- Associated Press - Sunday, September 4, 2011

GAINESVILLE, FLA. (AP) - Bobby Bowden is getting back into coaching. Well, sort of.

Bowden has made a five-year commitment to coach in the inaugural Battle of Florida, a college all-star game featuring guys who were either born in Florida or played high school or college football in the Sunshine State.

For Bowden, who will turn 82 in November, it will be a welcome change after spending the last year giving motivational speeches and promoting his book, “Called to Coach.” He will return to the coaching ranks in January for a week of practices and charity events.

Florida Atlantic’s Howard Schnellenberger, who helped build Miami into a national power in the early 1980s, will be on the opposite sideline. The inaugural game will be played Jan. 21, 2012, at Florida Atlantic’s new, on-campus stadium.

“I won’t have any pressure in this,” Bowden said Saturday. “I wouldn’t dare let pressure get on me in this game. I want to go out there and do the best I can do and have a good time. If they want to fire me, that’s their business.”

The announcement came in Gainesville before Bowden’s longtime rival, Florida, opened the season against Florida Atlantic. Bowden walked around campus, shook hands with fans wearing orange and blue and answered questions behind a University of Florida podium. It was a strange scene for sure.

“Is it a Florida sign?” Bowden quipped. “I don’t care no more. I told you. I don’t care anymore. The thing I’m enjoying is getting around to other campuses. I spoke at LSU, I spoke at Alabama, I spoke at Tennessee and I’ve been invited to others, Georgia. I’m enjoying getting on their campuses and watching what they do with no pressure.”

Bowden also has visited Israel, Iraq, the Caribbean and Hawaii.

“Ann and I put all our investments in real estate, so I’m speaking every opportunity I get,” said Bowden, whose 377 wins rank him second on the college coaching list.

He would have more, but Bowden and Florida State parted ways following the 2009 season. It was a messy split. Bowden wanted to stick around for another year, but school officials told him he needed to retire or return only as a figurehead. Bowden walked away, and head-coach-in-waiting Jimbo Fisher took over.

Bowden doesn’t plan to attend a Seminoles game anytime soon and hasn’t spoken to Fisher since FSU’s bowl game in January. That encounter happened only because Bowden was the keynote speaker at a Fellowship of Christian Athletes breakfast, and Fisher’s Seminoles were playing in the game.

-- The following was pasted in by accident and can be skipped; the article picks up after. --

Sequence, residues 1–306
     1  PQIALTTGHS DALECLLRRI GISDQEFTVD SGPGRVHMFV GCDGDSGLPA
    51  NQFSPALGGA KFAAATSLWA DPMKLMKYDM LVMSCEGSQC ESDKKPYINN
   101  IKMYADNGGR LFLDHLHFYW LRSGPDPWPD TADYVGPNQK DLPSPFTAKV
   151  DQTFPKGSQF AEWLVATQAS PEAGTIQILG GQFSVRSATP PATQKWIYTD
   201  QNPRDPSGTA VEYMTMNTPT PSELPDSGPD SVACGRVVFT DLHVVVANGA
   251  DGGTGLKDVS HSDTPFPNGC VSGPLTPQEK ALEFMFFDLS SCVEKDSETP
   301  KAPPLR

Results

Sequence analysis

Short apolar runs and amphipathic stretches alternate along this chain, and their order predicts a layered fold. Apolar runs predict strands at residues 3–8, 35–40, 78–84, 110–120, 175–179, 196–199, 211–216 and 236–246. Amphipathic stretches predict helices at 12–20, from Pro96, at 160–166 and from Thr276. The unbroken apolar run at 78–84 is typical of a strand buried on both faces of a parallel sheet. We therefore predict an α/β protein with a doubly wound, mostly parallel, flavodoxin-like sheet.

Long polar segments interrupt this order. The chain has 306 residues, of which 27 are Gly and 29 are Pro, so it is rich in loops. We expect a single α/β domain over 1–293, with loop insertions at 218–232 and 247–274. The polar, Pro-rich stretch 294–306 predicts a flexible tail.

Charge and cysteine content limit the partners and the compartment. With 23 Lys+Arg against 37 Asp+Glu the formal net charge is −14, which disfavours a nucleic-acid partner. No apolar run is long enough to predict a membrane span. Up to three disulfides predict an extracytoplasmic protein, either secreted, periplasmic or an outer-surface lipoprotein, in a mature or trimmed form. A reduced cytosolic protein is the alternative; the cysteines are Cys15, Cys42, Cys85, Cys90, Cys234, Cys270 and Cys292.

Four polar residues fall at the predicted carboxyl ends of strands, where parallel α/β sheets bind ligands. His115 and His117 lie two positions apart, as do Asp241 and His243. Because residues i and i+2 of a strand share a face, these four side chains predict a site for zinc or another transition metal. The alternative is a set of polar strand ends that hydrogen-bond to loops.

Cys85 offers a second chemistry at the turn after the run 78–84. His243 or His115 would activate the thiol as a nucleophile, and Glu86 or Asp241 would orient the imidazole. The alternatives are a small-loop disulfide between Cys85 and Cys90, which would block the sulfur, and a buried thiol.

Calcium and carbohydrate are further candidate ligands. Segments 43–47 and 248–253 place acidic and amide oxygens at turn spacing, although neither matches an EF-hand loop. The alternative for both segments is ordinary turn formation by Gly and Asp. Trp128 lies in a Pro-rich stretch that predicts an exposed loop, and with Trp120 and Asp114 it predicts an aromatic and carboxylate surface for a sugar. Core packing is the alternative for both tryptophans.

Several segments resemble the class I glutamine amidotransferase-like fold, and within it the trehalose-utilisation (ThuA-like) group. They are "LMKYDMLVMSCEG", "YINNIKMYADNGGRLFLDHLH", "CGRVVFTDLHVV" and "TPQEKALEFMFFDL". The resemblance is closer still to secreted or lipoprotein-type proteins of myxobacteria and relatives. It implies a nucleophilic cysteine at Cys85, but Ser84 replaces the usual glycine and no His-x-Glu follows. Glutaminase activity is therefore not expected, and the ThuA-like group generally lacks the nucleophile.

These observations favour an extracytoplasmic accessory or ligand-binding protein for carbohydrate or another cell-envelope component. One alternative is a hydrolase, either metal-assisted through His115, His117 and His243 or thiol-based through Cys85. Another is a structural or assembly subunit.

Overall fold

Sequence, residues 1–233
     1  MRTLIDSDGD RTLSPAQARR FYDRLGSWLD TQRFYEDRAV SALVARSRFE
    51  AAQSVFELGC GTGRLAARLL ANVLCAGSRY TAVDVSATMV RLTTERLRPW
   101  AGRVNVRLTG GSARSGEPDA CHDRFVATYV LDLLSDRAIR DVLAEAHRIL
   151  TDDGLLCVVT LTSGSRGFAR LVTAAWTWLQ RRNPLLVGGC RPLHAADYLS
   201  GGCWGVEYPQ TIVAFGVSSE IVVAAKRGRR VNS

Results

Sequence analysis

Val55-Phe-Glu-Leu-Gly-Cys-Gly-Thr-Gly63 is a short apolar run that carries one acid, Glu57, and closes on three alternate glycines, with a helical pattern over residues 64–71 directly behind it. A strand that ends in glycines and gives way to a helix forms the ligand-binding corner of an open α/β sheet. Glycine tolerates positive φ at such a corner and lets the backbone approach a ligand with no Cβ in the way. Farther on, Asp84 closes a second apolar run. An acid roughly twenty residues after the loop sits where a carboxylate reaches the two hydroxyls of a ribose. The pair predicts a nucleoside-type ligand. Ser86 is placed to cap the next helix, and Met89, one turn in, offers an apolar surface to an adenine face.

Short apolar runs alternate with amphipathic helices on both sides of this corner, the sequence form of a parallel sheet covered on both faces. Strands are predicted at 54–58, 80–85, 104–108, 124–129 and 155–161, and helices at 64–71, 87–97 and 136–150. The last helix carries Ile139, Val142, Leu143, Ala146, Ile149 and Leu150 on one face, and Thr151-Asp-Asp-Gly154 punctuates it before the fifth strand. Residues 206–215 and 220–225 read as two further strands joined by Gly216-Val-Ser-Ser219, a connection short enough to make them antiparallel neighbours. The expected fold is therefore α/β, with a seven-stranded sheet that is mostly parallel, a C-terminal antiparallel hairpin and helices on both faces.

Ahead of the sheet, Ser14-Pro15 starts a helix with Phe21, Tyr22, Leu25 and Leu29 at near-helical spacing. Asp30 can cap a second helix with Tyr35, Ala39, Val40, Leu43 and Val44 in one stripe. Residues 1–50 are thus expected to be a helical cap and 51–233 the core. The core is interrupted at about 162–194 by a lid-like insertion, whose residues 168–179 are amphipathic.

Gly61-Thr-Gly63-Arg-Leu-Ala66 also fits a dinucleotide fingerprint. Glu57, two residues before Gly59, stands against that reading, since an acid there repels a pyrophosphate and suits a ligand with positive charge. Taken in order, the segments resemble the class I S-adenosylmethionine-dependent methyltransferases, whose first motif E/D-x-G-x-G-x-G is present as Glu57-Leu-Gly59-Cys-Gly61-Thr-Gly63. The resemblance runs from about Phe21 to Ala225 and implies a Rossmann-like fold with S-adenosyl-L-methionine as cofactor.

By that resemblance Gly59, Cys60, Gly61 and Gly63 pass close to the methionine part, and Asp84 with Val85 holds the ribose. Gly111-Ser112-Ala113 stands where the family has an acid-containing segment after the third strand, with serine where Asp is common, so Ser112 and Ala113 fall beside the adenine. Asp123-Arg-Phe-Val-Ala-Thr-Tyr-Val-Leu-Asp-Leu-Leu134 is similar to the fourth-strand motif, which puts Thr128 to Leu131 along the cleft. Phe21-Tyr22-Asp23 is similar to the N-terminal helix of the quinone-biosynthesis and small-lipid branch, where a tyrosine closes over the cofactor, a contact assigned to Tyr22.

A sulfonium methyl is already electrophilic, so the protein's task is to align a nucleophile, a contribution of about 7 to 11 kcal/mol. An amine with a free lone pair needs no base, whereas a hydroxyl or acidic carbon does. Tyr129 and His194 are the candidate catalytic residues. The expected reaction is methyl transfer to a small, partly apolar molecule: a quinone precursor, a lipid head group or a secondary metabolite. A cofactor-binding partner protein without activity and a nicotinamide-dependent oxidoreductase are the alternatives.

“We kind of communicate through people or through notes or something like that,” Bowden said. “But it’s not like I call him and want to know what’s going on.”

The Florida State faithful would love to have to Bowden back on the field named after him, but there’s no telling how long it will take to make that happen.

“I don’t plan to anytime soon,” he said. “I’ve always said that when I finished coaching I would try to get out of the other guy’s hair. I followed a good coach one time and all they did was compare everything I did with what he did, ‘Why don’t you do this? Well, this is what he did.’ I always said I would leave time. … I’m going to stay out of it until I feel right about going back.”

Bowden still cares about the Seminoles, though.

He tries to watch all their games on television. He prefers it that way, too, wanting to avoid crowds, having to find a place to park and possibly getting distracted by fans seeking autographs and pictures.

He didn’t have to worry about that in Gainesville. Of course, he also wasn’t able to see Florida State’s opener against Louisiana-Monroe. The game he did catch? South Florida-Notre Dame.

“I (would) get fired for losing to South Florida,” Bowden said. “They still keep their job. I don’t understand that.”

He doesn’t miss being on the sideline, although he acknowledged that the all-star game will give him a taste of his favorite part of coaching.

“This it the first time in 36 games I’ve been to Gainesville and ain’t been nervous,” he said. “I ain’t worried about nothing. … I haven’t missed coaching. I miss the guys. I miss the other coaches, I miss the boys. But as far as being out on the field, no.”

Why not?

“When I quit coaching at Florida State, I did not realize the pressure that comes off your shoulders,” he said. “I didn’t have to worry about a boy going to class. I didn’t have to worry about signing (recruits) over here. I didn’t have to worry about that 2 o’clock phone call at night from the police department. I didn’t have to worry about this or that. You’re just kind of free, you know? (Coaches) ought to try it.”

So what’s the most pressure Bowden faces these days?

“Whether Ann’s going to make me wash the dishes as soon as I get up (from dinner) or give me 15 minutes to fool around,” he said. “That’s about the pressure I’ve got right now.”

Copyright © 2016 The Washington Times, LLC.

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